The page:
(Inside Science) -- May brought a plethora of exciting space pictures. From the first test image by the Transiting Exoplanet Survey Satellite, to pictures from a survey of nearby galaxies -- and many more -- we've narrowed down our selection to the best images of the month.
This month, the Very Large Telescope in the Atacama Desert of Chile captured the aptly named Tarantula Nebula -- shown here in dusty brown tufts of stellar dust. This nebula spans a length of more than 1,000 light-years, making it one of the most eye-catching features of the Large Magellanic Cloud. This picture captures in incredible detail numerous gas clouds, star clusters and the remnants of supernovae. (ESO)
Over the course of one night this month, the Gemini North telescope on Mauna Kea, Hawaii, took this time-lapse image of the sky conditions over the island. Comprised of about 100 images, the picture shows a cascade of stars over the bright glow of the Kilauea volcanic eruption. To the left of that flare is a greenish glow -- the lights from town of Hilo. (Gemini Observatory/AURA/NSF)
Following the launch of the Transiting Exoplanet Survey Satellite last month, NASA released this image after the satellite completed its first successful lunar flyby on May 17. This is its first test image -- a mere two-second exposure using only one of its four cameras, and showing as much as 200,000 stars near Centaurus, a southern constellation. (NASA/MIT/TESS)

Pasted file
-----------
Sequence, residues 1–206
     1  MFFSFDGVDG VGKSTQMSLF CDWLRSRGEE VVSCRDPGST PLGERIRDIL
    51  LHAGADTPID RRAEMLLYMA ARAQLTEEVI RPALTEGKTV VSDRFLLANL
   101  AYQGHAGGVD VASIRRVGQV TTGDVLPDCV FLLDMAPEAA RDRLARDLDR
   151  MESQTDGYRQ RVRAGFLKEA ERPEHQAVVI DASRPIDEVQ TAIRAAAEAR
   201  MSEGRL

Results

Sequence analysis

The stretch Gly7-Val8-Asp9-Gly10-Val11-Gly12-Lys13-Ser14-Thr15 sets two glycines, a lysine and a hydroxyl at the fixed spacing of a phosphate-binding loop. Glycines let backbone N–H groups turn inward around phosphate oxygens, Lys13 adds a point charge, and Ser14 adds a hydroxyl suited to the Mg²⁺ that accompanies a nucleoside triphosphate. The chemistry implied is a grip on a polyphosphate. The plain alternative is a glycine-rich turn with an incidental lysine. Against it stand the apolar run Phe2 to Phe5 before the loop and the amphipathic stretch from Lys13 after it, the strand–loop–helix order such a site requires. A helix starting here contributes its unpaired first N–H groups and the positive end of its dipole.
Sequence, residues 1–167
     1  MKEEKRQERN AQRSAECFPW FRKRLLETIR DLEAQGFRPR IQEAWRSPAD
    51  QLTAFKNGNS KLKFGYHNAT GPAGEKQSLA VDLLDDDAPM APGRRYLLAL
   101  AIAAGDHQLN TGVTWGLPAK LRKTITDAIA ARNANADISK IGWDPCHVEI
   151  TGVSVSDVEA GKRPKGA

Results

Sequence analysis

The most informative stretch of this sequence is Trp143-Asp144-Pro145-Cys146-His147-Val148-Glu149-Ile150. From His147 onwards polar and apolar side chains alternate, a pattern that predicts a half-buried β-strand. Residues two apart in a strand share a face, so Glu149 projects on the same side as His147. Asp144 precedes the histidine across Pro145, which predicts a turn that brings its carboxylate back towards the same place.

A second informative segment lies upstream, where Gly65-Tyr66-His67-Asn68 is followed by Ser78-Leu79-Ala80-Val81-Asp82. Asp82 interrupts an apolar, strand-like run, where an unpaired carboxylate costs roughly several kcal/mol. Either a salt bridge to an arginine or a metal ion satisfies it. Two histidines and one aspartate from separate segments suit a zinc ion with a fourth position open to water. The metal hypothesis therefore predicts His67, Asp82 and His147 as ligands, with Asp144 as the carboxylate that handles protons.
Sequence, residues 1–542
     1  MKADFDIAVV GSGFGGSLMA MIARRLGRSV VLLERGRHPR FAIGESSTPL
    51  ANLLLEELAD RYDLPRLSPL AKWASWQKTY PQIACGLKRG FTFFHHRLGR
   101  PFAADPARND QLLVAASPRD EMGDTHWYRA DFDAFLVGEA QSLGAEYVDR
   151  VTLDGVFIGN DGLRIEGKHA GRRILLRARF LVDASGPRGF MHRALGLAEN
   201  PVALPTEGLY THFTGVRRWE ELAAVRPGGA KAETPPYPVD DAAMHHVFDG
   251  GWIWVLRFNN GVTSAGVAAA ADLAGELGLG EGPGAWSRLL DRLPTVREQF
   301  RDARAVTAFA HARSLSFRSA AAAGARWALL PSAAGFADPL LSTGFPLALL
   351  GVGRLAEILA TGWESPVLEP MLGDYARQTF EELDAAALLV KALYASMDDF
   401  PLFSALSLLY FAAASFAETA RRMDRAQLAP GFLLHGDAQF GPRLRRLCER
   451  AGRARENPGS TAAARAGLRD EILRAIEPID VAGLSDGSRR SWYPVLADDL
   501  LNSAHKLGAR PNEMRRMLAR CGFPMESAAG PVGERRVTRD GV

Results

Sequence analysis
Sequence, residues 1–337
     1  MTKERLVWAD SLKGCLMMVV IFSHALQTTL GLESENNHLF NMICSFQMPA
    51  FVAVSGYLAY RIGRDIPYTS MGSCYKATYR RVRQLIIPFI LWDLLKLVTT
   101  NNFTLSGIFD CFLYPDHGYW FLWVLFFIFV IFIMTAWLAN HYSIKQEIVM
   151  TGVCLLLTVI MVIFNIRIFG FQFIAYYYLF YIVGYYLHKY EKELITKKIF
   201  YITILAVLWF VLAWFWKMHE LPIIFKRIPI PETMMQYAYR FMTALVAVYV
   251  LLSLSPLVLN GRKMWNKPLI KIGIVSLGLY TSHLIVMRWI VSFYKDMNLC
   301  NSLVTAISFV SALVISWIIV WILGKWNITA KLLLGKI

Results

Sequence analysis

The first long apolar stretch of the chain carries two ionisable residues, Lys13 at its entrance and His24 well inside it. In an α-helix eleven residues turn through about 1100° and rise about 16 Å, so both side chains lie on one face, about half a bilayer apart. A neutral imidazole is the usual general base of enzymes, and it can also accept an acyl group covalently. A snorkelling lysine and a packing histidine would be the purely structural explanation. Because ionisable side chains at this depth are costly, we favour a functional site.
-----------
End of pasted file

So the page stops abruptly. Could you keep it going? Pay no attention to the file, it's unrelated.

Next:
From NASA's Chandra X-ray Observatory comes another great image, this time of an isolated neutron star. This neutron star is especially interesting for having no stellar companion, unlike many others, and for being the first lonely neutron star to be found outside of the Milky Way galaxy. Astronomers used data from the Chandra X-ray telescope and the Very Large Telescope to discover this supernova remnant, shown here as a brilliant blue explosion against a background of red stars. (NASA/ESA)
Using the Hubble Space Telescope, astronomers have produced the most complete ultraviolet survey of nearby galaxies yet. The project, called the Legacy ExtraGalactic UV Survey, looked at 50 neighboring galaxies to piece together a more complete picture of star formation processes. Above is a composite image of six of the galaxies: from left to right, UGC 5340, NGC 4258, UGCA 281, NGC 3368, NGC 3627 and NGC 6744. (NASA/ESA/LEGUS)